REPORT: Warren issues response to letter from Native American tribes [READ THE LETTER]

FEBRUARY 26, 2020

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As the most reliable and balanced news aggregation service on the internet, DML News App offers the following information published by WASHINGTONEXAMINER.COM:

Sen. Elizabeth Warren responded to a group of Native American tribes that had urged her to disavow more pointedly her past claims about being of Native American descent.

The Massachusetts Democrat had for years alleged that she had Native American heritage. A DNA test she released in 2018 revealed “strong evidence” that she had a Native American ancestor six to 10 generations ago. The small percentage led to backlash from Native American groups that argued there are legal requirements for tribal citizenship.

The article goes on to state the following:

While she has since apologized on numerous occasions, members of the Cherokee Nation, the United Keetoowah Band of Cherokee Indians, and the Eastern Band of Cherokee Indians sent a letter to the senator last week calling on her to “fully address the harm” her claims caused. The letter also cited a Los Angeles Times report on how white members of fake “tribes” have been awarded over $800 million in no-bid federal contracts set aside for minority business owners.

Warren responded:

“Thank you very much for your letter. I have worked very hard to listen to Indian Country, and that has taken the form of more than 100 calls, meetings, and events with Native activists, advocates, and tribal leaders.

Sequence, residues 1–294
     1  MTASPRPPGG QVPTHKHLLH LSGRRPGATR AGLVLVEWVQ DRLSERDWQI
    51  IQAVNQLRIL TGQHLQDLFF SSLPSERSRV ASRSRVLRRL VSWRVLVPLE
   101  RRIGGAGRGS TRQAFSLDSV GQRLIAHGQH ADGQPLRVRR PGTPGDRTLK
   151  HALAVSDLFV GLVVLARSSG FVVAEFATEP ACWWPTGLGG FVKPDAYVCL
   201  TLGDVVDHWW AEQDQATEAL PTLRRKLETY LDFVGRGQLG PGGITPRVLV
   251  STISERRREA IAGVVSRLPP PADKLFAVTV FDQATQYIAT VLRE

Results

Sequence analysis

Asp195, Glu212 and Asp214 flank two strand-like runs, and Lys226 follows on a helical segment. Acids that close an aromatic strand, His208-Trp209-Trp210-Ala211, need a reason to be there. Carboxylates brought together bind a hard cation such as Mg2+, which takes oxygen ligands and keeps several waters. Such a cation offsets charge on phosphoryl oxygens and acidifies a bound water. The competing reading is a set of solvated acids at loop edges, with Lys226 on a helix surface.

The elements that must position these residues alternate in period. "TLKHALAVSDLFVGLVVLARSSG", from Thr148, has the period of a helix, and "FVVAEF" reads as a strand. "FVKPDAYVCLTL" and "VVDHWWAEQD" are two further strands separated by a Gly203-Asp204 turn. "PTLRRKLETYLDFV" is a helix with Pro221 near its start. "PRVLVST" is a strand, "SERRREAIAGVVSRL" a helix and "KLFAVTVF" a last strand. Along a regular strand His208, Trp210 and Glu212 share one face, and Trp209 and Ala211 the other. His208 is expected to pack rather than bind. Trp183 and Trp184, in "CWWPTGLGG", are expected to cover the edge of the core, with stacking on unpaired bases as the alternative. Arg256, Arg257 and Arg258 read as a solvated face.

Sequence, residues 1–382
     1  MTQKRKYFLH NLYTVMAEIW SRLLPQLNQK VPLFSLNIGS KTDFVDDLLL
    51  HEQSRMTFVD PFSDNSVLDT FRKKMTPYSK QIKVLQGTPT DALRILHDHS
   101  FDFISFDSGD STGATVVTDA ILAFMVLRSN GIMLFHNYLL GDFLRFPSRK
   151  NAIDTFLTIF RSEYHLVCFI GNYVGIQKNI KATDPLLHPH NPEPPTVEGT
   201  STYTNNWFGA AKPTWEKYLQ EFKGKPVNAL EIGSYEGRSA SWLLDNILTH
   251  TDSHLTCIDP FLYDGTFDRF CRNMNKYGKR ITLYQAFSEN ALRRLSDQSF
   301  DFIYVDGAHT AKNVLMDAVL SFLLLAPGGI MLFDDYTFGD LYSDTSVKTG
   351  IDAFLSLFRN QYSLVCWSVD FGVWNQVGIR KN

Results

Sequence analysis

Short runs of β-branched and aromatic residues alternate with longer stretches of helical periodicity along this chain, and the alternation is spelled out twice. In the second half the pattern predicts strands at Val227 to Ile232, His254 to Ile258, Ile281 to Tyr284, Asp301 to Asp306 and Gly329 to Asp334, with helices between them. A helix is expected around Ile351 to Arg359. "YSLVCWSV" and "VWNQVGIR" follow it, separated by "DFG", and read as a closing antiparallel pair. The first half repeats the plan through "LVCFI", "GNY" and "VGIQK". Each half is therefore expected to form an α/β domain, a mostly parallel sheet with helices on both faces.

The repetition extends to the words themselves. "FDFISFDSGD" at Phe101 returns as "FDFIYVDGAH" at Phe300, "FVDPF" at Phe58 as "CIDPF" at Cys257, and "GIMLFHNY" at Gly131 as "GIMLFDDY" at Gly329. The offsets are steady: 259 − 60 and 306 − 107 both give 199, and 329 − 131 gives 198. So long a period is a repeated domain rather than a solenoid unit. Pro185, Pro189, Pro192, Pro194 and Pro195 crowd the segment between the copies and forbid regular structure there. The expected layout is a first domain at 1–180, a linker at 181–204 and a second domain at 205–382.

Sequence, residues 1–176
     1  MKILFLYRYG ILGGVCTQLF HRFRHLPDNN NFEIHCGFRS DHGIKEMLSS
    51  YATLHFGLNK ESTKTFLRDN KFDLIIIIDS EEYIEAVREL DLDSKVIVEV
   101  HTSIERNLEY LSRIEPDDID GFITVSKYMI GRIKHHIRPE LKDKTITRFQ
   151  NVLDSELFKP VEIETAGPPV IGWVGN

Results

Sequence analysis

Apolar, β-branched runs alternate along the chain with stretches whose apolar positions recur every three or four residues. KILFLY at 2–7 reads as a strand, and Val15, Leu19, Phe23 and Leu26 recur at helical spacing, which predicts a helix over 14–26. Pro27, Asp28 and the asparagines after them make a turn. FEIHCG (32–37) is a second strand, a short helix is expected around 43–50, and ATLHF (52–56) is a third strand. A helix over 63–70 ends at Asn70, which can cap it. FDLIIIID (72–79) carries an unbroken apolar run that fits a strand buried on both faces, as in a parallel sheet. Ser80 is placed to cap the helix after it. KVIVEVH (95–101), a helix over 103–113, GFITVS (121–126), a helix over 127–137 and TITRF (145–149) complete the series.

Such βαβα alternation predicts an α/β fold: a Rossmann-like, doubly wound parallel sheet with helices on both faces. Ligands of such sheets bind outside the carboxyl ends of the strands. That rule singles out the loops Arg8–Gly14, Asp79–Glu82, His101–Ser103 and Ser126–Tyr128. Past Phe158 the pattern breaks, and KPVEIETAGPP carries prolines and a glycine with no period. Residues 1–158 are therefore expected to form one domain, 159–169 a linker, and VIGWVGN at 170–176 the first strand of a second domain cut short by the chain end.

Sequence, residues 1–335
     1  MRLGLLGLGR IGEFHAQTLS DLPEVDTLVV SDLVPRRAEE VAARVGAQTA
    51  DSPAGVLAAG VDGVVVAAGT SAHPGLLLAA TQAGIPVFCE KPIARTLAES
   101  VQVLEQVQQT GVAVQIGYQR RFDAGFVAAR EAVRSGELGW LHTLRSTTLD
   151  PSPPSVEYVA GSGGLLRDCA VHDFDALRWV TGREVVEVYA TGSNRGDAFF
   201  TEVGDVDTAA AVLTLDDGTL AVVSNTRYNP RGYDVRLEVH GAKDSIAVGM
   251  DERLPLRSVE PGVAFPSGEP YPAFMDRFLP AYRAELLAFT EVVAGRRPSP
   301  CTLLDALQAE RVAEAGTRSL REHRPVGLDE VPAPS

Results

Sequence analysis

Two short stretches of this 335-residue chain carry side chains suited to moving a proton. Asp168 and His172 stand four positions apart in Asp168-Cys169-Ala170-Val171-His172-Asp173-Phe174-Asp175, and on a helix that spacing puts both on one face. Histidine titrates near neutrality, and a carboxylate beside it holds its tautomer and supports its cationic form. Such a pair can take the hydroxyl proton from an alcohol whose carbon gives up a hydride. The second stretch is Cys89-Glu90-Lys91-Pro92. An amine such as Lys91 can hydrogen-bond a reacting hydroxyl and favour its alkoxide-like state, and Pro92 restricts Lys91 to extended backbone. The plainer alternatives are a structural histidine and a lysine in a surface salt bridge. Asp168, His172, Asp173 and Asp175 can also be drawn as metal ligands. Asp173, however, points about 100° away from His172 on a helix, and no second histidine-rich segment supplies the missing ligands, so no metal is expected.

“A few days ago, I had a meeting with more than a dozen tribal leaders in
Seattle. I recently had similar roundtables in California and Oklahoma with tribal leaders. These are just recent examples of my years of dialogue with Indian Country. I have learned a great deal from all of them, and it is in that spirit of learning and listening that I welcome hearing from you in the form of this letter.

“I am not a person of color; I am a white woman, and that is how I identify. In addition, I am not a tribal citizen. Tribal Nations—and only Tribal Nations—determine tribal citizenship. It’s their right as a matter of sovereignty, and they exercise that in the ways they choose to exercise it. I have said very publicly—and I will continue to say—that DNA does not determine tribal citizenship.

“This is no small point because of the long history of colonialism and violence perpetrated against Native communities, people, and identity by this country. And I understand that the confusion my actions propagated around tribal sovereignty and citizenship caused real harm to Native people and communities. I was wrong to have identified as a Native American, and, without qualification or excuse, I apologize for the harm I caused.”

Warren’s letter concluded”

“As I said, I believe in accountability, but accountability is a methodology — not an ideology. It means little to believe in it if we do not practice it, so I am grateful for your willingness to hold me accountable and for the opportunity to have had this courageous conversation. I know this kind of engagement only happens with people you expect more from, and I am grateful to be one of those people. Please continue to expect more from me, and I will continue to dedicate myself to living up to it.”

Here is the letter from the tribes:

Here is Warren’s response:

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